World in View: Kurdistan setback

From the November-December 2017 issue of News & Letters

A shaken President Masoud Barzani was forced to resign Nov. 1 as the independence referendum he promoted in Iraqi Kurdistan blew up in his face. The referendum passed as expected with over 90% of the vote, but, also as expected, all state powers blocked its implementation.

Both Turkey and Iran opposed Barzani’s move, closing their borders in response and threatening military action.

Iraq’s central government—with the help of Kurdish opposition forces—retook control of oil-rich Kirkuk from Barzani’s government. At the moment oil shipments from Kirkuk have been halted completely.

NOTHING WAS DELIVERED

Tensions between factions have been exacerbated, with Barzani’s followers in the Kurdistan Democratic Party besieging the Erbil Parliament and attacking opposition lawmakers.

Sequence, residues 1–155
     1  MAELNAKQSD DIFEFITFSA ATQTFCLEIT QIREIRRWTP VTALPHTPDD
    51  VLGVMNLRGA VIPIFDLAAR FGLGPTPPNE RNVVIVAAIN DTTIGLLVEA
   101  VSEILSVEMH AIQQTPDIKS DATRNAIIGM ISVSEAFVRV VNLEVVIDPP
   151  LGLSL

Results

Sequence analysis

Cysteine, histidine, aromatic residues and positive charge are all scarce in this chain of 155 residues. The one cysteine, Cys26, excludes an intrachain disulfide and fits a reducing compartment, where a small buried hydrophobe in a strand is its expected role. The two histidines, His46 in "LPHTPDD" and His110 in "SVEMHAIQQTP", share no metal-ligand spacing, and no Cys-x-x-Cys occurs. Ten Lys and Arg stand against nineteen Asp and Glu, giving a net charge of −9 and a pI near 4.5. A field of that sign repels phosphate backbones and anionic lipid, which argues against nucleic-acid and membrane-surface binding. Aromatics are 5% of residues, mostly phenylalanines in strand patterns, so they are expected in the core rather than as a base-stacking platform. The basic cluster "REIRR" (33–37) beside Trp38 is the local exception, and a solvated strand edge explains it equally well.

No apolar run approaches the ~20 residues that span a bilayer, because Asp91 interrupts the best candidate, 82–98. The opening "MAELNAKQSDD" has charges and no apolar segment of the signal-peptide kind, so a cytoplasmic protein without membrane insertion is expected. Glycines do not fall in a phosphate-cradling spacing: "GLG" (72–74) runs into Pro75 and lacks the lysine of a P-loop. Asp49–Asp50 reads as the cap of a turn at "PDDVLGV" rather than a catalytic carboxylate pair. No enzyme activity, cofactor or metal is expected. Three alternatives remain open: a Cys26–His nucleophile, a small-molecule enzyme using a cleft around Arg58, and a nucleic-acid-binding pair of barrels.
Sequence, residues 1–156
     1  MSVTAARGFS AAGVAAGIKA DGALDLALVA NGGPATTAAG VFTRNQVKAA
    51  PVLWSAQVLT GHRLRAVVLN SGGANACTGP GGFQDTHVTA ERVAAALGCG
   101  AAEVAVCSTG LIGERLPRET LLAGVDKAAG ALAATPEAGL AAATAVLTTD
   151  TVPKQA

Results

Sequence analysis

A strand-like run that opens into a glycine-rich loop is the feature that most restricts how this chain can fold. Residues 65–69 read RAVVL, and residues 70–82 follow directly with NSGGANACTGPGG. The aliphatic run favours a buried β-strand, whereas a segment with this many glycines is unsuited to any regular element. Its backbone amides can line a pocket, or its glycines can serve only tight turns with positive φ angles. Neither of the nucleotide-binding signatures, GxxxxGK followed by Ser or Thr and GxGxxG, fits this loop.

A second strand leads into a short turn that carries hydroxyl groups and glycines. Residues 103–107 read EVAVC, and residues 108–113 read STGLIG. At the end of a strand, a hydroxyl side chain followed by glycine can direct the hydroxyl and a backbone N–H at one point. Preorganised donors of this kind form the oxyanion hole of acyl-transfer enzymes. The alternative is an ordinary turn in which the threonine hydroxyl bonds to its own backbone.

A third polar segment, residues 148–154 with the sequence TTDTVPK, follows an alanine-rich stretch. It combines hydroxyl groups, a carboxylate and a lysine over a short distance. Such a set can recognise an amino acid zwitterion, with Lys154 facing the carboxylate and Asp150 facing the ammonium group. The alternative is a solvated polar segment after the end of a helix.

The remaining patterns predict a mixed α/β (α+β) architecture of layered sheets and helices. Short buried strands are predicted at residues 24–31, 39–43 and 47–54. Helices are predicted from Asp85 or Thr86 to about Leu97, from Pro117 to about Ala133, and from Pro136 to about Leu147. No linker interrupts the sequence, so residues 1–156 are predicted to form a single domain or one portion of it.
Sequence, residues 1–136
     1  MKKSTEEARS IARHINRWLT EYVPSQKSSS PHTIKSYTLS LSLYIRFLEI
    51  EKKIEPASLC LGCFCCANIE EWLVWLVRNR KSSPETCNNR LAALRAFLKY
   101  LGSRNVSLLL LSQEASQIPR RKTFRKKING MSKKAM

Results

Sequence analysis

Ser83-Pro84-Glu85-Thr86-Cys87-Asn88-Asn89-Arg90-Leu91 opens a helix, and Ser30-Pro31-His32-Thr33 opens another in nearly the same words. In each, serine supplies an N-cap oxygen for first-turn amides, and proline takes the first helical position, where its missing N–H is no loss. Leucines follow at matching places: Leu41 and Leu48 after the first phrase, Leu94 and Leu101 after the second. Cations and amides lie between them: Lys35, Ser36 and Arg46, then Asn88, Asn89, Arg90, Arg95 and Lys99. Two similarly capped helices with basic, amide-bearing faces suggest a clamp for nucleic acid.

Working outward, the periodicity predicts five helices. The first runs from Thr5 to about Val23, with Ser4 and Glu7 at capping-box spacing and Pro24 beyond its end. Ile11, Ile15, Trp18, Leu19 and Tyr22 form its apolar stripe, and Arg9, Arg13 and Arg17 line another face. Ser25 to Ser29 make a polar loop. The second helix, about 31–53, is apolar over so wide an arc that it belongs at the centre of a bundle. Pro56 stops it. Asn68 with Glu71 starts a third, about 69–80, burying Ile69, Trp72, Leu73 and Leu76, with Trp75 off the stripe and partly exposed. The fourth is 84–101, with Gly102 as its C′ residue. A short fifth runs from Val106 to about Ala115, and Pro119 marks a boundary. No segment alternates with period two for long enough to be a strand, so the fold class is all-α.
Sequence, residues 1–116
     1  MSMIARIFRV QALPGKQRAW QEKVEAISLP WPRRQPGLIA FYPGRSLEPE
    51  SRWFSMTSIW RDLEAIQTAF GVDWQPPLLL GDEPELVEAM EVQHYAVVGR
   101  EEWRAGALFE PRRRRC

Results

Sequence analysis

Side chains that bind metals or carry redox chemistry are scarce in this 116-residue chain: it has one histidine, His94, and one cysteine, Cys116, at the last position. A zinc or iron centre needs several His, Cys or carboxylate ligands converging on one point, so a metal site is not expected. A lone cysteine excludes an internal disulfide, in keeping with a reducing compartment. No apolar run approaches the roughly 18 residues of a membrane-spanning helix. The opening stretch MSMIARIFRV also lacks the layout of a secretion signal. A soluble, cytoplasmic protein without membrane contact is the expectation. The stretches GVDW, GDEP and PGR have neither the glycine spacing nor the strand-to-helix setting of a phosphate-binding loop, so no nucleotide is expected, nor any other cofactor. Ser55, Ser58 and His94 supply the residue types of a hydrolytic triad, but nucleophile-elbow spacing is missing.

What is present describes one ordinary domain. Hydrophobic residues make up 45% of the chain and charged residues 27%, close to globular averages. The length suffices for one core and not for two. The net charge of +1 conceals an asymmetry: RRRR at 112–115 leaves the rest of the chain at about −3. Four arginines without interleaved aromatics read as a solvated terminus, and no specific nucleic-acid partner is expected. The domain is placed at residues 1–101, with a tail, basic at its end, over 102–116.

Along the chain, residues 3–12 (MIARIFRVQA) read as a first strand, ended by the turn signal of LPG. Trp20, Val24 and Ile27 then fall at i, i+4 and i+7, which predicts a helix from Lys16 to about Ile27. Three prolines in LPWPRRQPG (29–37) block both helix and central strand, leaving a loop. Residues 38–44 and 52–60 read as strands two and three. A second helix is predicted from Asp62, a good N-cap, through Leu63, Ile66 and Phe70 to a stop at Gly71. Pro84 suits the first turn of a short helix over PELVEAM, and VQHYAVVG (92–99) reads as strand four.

This is a major setback for Kurdish self-determination. If the debacle ends the career of Masrour Barzani, Masoud’s brutal son, it will be all that’s gained.

Nephew Nechirvan Barzani, who has served as prime minister, will attempt to rebuild relationships, along with his deputy Qubad Talabani, from the other major Iraqi Kurdish faction.

—Gerry Emmett, Nov. 2, 2017

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